By Yasmin Noone
The Labor, Liberal and Australian Greens party policies on positive ageing will be debated and discussed by three of the most senior political aged care spokespeople, at a National Seniors Productive Ageing Centre (PAC) forum at Parliament House, Canberra, on 19 June.
One of the forum’s panel sessions will see the Minister for Mental Health and Ageing, Mark Butler, sit alongside the Australian Greens Party spokesperson for ageing, Rachel Siewert, and an Opposition party representative (yet to be confirmed) for a frank chat about what each politician will do to address the challenges presented by an ageing population.
National Seniors Australia’s general manager of policy and research, Peter Matwijiw, said the forum will provide attendees and panelists with a “more mature conversation” about productive ageing.
“And where else can do you get the attention from people to have a mature conversation about what ageing means to a society but in Parliament?” Mr Matwijiw said.
“Once we got Parliament House as the venue, we said, ‘Look. If we are at parliament, we want the ‘decision-makers’ to be involved.
“So we’ve invited each political party to the event to ask them, ‘What do you have to offer in terms of turning ageing into a positive, productive experience?’”
However, Mr Matwijiw said the questions asked of the politicians will not run according to a set format.
“We are not trying to concoct an agenda but instead, open up the debate. We want people, as a result of the forum, to be aware of the issues and better informed about the issues.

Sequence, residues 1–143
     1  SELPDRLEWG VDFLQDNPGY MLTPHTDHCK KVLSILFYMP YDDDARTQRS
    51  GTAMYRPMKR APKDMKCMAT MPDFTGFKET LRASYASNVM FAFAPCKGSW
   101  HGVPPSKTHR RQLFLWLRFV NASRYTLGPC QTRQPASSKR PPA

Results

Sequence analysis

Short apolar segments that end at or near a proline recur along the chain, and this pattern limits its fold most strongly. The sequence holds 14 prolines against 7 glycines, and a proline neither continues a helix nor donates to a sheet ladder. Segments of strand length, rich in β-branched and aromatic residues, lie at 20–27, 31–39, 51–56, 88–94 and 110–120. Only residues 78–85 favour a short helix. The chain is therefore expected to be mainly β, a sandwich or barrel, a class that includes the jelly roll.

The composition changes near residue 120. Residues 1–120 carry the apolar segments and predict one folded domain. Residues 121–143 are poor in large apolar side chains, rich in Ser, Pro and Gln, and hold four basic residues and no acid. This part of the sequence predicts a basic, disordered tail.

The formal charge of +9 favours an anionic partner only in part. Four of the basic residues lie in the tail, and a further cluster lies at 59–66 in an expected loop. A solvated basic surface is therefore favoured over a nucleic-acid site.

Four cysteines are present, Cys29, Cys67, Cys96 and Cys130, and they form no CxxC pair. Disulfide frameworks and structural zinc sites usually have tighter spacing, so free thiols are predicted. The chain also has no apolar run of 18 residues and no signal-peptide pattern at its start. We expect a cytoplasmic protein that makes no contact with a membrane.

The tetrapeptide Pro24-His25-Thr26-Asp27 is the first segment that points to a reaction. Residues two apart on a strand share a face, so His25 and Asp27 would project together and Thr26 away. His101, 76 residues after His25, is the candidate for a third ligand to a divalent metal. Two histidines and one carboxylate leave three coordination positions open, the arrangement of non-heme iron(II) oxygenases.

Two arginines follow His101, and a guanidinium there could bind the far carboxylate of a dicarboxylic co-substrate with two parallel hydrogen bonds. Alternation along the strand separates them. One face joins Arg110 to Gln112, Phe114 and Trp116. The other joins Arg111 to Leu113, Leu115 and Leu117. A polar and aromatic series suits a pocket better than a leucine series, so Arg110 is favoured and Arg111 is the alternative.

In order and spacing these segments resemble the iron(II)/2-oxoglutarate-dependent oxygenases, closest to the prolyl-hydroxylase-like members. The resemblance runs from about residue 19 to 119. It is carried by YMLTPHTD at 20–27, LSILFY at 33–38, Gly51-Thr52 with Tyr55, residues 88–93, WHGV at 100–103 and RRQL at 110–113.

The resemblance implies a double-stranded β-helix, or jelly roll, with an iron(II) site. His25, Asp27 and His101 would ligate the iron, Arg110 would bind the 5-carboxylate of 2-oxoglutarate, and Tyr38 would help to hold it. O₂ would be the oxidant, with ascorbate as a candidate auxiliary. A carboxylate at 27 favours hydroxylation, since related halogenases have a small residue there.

“We’ve asked for a broader conversation by politicians specifically to talk about the issues, what can be done and what will be done.
“What will be discussed will be dependant on what gets raised in the forum. So we really don’t know as it all depends on what people will say.”
Presented on behalf of the National Seniors Australia’ research arm with the Parliamentary Friends of Seniors and Ageing, the forum will include a keynote address by broadcaster and public intellectual, Phillip Adams AO, and Age Discrimination Commissioner, Susan Ryan AO, as well as a roundtable of experts who will discuss current policy and research responses to productive ageing.
The PAC meets Parliament forum will highlight new and innovative research into ageing and showcase the results of recent National Seniors PAC project.
Mr Matwijiw said the survey results to be launched are the product of talking to 3,000 participants about the barriers facing older people in the workplace and community, and follow on from a previous literature review on the same subject and the release of the Ageing and the Barriers to Labour Force Participation in Australia paper by the Economic Potential of Senior Australians panel in December 2011.
“In doing the survey, we actually set out for 2,500 survey participants but got 3,000.
“We’ve done the analysis and the report has to be finalised but we can present results in a preliminary fashion.
Mr Matwijiw encourages people to attend the forum if “they really want to understand what the issues are, what’s on people’s minds and what political parties can offer”.
The 2012 PAC meets Parliament forum will be held at Parliament House, Canberra, from 9.30am to 4pm.
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